The Opera House (Teatr Wielki) is a large and impressive building which is situated in the middle of Warsaw. The Opera House is known for having very good acoustics and also for being very beautiful on the outside as well as inside. The Opera House was opened back in 1833 and the first set was the Barber of Seville (Rossini). After the Second World War, the Opera House was left in ruins, but was rebuilt in 1965. It was the world's largest theatre building. Today, the Opera House has constantly changing performances with everything from classical pieces to modern compositions. In addition to opera, there are also different theatrical productions in the building. The world-renowned Polish ballet can also be seen here. There is also a theatre museum which is the first and only of its kind in Poland. At the museum, there are 200,000 different objects all associated with opera and theatre. Among other things, there is a large collection of beautiful costumes and photographs. If you want to attend an opera or theatre performance in Warsaw, it is better to pre-book tickets online. It may be possible to get tickets at short notice, but to be sure of getting a place, it is best to be there on time. Tickets are not particularly expensive, especially not if you’re content to sit back from the scene—then it can cost as little as $60 for a seat.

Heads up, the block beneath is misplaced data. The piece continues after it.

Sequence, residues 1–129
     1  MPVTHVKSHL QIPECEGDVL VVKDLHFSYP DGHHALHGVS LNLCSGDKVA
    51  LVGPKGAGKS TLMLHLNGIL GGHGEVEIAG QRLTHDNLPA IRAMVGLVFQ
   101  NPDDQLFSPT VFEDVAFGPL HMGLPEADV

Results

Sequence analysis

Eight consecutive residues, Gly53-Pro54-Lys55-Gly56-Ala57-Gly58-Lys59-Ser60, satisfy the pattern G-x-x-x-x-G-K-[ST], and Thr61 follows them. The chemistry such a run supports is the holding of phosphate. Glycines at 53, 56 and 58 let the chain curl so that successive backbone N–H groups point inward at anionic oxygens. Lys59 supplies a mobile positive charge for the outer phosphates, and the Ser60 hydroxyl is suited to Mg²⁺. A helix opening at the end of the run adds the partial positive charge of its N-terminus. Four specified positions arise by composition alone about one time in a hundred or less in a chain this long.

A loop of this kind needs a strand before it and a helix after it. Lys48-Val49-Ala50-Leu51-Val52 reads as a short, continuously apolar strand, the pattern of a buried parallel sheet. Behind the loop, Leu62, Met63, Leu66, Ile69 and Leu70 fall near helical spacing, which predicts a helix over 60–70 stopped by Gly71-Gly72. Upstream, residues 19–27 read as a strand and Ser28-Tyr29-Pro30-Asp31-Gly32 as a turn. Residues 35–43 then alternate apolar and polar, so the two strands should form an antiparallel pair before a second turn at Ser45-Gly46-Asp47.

St. Anne's Church

St. Anne's Church (Kosciol Świętej Anny) is one of the many beautiful churches of Poland. The church is built in the Baroque style and the architecture is very beautiful. Decorations and details are incredibly well-made both outside and inside. Twice a day baroque music is played on the organ (it takes about half an hour). Among the Poles, it’s very popular to get married in the church, which is usually done on Saturdays. If you want to see a Polish wedding ceremony, you should definitely come here on a Saturday, but if you want to be able to see as much as possible of the Church, it is better to come here another day. Something that can be a very special and enjoyable experience is to visit the church during a trade show, where the atmosphere is something extraordinary.

The Powazki Cemetery